Therefore, when the solar system is integrated in the building envelope (as roof covering, façade cladding, sun shading, balcony fence...), it must properly take over the functions and associated constraints of the envelope elements it is replacing (constructive/functional quality), while preserving the global design quality of the building (formal quality).
ENEA has been participating in the work of the International Energy Agency (IEA), Solar Heating and Cooling (SHC) Task 41 “Solar Energy and Architecture” (May 2009-April 2012), that aimed to improve the awareness of the designers in using solar components conceived as building elements, so as to focus on the energy performance and on the architectural quality, too. Some of the following considerations come from the results of the work carried out in the framework of Task 41 [2] .
In the following, some functional and constructive aspects of the integration of PV in buildings are presented.
The building envelope has to fulfil a wide and complex set of protection and regulation functions, requiring the use of different structures and components (opaque/semi-transparent elements, monolithic/multilayer structures, composed of fixed/mobile parts,...). The integration of solar modules in the envelope system should then be studied very carefully, to preserve/ensure the standard envelope functions and the durability of the whole.
The multifunctional use of solar elements taking over one or more envelope functions may require an extra effort to building designers, calling, for instance, for some modifications in the original design of the collector, in the way it is mounted or by restraining its use in some parts of the building. On the other hand, it brings the major advantages of a global cost reduction and an enhanced architectural quality of the integration.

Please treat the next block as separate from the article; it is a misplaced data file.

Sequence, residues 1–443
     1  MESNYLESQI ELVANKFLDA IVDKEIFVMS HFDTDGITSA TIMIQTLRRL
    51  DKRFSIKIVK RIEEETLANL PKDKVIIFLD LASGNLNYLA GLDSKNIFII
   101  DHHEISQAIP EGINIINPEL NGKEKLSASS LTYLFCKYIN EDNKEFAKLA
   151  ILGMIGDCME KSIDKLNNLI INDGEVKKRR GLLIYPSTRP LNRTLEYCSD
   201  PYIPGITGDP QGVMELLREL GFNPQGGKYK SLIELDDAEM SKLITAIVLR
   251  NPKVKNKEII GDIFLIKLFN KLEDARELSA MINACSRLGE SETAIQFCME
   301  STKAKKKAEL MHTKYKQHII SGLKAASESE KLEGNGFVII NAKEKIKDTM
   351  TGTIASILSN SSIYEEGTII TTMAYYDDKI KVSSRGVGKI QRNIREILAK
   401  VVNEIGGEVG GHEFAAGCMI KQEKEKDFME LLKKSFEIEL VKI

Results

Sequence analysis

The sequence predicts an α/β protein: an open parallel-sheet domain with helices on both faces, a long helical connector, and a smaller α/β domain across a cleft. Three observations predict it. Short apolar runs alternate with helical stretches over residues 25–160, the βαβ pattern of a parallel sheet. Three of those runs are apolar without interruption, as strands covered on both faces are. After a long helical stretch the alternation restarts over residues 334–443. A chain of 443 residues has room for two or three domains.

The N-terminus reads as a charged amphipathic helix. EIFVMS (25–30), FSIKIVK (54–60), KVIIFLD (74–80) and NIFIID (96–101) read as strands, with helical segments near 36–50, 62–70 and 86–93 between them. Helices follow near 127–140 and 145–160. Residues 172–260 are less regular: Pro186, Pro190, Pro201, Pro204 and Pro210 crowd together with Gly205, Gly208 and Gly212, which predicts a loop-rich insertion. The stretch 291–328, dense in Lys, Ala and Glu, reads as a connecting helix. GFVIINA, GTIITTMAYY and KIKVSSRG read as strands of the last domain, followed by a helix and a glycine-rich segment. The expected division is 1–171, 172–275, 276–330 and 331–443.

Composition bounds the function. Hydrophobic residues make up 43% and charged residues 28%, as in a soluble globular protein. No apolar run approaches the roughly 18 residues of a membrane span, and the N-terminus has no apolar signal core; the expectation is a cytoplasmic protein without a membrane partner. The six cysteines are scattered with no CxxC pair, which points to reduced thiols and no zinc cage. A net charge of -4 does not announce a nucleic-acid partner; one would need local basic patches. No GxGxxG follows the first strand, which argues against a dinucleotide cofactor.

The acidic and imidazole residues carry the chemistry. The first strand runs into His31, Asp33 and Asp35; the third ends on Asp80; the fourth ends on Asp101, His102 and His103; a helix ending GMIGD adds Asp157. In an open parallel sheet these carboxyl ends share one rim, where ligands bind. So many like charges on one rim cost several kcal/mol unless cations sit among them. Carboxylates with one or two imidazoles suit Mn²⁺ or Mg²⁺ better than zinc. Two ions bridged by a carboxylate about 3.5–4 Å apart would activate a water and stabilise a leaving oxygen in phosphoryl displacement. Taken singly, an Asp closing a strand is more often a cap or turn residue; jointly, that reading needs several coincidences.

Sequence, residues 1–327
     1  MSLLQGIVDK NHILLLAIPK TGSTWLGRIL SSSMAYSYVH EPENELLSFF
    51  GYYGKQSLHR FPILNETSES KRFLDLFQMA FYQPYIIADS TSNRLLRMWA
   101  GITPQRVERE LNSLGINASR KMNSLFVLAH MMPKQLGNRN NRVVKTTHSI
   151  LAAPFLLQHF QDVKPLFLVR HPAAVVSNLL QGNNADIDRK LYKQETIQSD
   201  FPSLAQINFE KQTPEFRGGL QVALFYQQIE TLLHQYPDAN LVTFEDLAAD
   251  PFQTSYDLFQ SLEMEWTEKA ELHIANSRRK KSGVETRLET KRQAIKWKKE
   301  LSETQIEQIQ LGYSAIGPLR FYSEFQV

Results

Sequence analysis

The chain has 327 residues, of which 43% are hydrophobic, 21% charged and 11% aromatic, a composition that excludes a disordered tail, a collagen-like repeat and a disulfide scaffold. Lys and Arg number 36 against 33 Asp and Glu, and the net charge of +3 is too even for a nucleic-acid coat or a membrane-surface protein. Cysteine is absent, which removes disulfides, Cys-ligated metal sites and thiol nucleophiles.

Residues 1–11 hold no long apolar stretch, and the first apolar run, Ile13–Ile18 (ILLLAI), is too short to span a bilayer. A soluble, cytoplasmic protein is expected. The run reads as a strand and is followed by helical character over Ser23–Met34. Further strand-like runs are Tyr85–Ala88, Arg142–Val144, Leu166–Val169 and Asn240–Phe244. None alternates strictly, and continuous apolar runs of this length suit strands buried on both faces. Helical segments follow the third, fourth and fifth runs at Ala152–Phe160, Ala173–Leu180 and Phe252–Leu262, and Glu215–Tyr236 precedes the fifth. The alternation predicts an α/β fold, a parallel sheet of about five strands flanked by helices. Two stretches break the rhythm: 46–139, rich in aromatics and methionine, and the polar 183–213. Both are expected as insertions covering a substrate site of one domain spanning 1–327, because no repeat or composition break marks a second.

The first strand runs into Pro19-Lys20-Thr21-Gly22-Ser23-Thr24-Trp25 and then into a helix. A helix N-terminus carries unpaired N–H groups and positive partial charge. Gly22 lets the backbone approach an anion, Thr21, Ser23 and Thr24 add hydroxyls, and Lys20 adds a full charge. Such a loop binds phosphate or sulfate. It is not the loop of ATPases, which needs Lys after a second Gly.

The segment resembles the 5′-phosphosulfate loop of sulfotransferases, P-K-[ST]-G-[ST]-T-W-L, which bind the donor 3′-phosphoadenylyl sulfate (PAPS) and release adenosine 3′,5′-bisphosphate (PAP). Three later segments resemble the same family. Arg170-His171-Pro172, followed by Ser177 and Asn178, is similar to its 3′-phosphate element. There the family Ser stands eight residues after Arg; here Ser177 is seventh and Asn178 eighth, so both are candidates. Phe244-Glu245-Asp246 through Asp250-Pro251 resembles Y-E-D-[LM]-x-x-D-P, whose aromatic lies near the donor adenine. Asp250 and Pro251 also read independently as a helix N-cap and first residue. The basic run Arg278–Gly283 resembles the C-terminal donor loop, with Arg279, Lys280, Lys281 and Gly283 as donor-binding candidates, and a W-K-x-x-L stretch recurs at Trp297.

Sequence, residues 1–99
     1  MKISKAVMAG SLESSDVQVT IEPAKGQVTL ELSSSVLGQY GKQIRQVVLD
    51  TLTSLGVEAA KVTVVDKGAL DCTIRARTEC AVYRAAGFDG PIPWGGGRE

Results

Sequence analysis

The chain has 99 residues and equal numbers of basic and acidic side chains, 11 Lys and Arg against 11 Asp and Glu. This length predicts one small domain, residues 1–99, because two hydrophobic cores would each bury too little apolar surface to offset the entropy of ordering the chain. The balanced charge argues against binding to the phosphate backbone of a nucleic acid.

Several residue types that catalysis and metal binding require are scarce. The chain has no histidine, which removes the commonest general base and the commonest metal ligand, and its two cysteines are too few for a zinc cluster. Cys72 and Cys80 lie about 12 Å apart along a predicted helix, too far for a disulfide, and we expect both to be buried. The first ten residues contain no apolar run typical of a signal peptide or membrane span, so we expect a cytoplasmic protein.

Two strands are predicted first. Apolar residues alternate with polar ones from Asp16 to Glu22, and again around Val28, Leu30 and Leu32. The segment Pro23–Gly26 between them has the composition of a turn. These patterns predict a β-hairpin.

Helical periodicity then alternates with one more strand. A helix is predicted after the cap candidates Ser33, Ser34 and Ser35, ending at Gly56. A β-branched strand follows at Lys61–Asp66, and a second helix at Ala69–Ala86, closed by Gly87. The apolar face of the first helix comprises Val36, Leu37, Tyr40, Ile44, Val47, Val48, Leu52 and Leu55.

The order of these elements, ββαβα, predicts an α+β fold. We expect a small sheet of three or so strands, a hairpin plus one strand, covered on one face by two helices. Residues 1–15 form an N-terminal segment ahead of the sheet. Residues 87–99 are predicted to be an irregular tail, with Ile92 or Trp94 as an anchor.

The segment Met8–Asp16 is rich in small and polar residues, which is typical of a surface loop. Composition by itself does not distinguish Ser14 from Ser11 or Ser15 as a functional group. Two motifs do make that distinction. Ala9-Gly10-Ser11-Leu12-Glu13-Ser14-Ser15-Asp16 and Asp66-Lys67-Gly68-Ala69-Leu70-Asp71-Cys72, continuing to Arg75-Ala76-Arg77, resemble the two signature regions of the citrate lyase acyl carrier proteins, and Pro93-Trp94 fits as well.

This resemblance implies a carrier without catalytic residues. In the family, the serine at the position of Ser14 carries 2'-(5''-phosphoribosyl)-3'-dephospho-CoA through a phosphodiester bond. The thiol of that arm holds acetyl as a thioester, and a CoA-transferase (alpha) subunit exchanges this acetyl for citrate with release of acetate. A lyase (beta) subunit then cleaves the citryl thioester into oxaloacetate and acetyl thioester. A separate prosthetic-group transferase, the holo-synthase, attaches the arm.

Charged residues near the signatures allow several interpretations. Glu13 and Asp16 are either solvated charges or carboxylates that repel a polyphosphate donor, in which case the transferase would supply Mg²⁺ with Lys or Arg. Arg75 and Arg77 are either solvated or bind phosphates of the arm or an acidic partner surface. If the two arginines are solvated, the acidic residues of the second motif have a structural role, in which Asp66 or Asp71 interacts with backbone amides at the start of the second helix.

In addition to the functional compatibility, it is important to ensure that the new multifunctional envelope system meets all building construction standards:

  • the collector load should be correctly transferred to the load-bearing structure through appropriate fixing;
  • the collector should withstand fire and weather wear and tear;
  • the system should resist wind load and impact, and should be safe in case of damage;
  • risks of theft and/or damage related to vandalism should be evaluated and appropriate measures taken;
  • the fixing should avoid thermal bridges and the global U value of the wall should not be negatively affected;
  • vapor transfer through the wall should avoid condensation layers, and allow the wall to dry correctly.

 

Besides these standard building construction constraints, the integration of solar systems implies other issues resulting from specific solar technology attributes, i.e. electric cabling and the high temperatures of some modules:

  • the electric cabling of PV should be studied to avoid shock hazards and short circuits, and measures should be taken to avoid fire;
  • envelope materials in contact with the solar modules should withstand their high working temperature;
  • fixing details and jointing should make the expansions of the collector materials compatible with those of the other envelope materials;
  • safety issues should be considered for collectors within users' reach to avoid burning or shock hazards (ground floor, window and balcony surrounding ...).

 

As seen, integrating the new function "solar collection" into the building envelope requires an understanding of where (opaque parts, transparent parts, fixed/mobile elements), how, and which collectors can be made compatible with the other envelope elements, materials, and functions.